The ignition system ignites the carburetor before the piston comes into contact with the top dead center. Of course, this process will become less effective over time if the relief valve burns out.

However, both the intake and exhaust valves are open for the exhaust process. If the TCD is at the end of a discharge, the intake valve is partially open and is about to open fully, and the drain valve is partially above its closing line. 

When the piston moves up the cylinder, it can push the gas out thanks to the exhaust valve.

The exhaust valve closes 10-30 degrees later than the dead center of the crankshaft to rely on the inertia of the exhaust flow to increase the ability to clean exhaust. Also, compared with the intake valve, the exhaust valve closes later. 

It can be considered the most significant and typical difference between compression and exhaust stroke.

Besides, depending on the layout arrangement, the position of the valves of the cylinder is arranged differently.

Frequently Asked Questions(FAQ’s)

1.How to recognize TDC in compression?

To recognize the TDC in the compression cycle, you can take an outlet and rotate the ACW rotor. Your head will look towards the cylinder, examining the engine several times and the tapes. If you see a T, the tappets will move up before the TDC, and the top will go down.

This method is quite cumbersome and laborious. Therefore, there is still a more straightforward way to identify it than by hand.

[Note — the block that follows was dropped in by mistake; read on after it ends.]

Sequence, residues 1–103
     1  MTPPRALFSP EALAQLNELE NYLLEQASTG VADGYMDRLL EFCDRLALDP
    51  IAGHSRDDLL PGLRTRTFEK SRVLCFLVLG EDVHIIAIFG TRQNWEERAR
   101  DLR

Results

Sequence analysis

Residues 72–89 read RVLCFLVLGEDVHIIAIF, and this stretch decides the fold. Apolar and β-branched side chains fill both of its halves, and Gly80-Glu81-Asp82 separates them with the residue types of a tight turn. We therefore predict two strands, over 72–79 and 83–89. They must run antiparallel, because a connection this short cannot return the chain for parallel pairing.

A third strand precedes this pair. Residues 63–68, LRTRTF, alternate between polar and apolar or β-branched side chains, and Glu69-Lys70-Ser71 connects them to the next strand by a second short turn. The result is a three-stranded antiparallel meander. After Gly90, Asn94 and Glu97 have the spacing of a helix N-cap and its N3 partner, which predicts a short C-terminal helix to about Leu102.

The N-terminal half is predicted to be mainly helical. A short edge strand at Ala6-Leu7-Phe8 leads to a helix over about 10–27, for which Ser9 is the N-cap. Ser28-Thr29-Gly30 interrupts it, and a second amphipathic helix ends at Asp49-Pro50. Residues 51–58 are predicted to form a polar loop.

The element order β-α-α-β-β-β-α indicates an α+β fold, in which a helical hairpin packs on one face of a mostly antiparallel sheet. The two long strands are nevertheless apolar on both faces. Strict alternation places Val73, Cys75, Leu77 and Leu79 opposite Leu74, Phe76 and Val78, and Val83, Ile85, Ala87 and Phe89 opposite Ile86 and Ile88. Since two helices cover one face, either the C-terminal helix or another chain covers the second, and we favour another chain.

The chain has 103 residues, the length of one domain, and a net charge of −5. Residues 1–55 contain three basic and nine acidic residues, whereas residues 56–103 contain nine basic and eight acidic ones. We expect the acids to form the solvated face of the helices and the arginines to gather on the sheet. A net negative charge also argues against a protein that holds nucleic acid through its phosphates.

Insert your finger into the spark plug hole, using the starter to contact the engine. If you hear air blowing, stop. In the next step, rotate the motor in the direction of rotation until the TCD pulley or flywheel align.

If the TCD is incorrect, this work takes a long time. This technique is much faster than pulling the ACW rotor valve cover.

2.What is the compression ratio of the Honda H22A engine?

This is an engine manufactured in 1992. The design consists of four inline cylinder engines. The compression ratio of this engine will vary from place to place.

The maximum compression ratio in the US is 10.6:1. Meanwhile, in Japan and some European countries, it is 11.6:1. Because of this, this vehicle is quite popular across the country, thanks to its performance.

3.When does TDC become a motor in the exhaust cycle?

Crankshaft placement is critical. If you set the crankshaft to TDC but forgot to pay attention to the camshaft position, you are in the exhaust TDC in cylinder number 1. But if the TCD is in the compression cycle, the crankshaft rotates twice for the camshaft.

Conclusion

The above essential information has answered the difference between compression and discharge questions. 

Besides, the article also provides a few more related questions to help you understand in more detail both processes. It is not too difficult to distinguish them if we know the characteristic elements of the above cycles.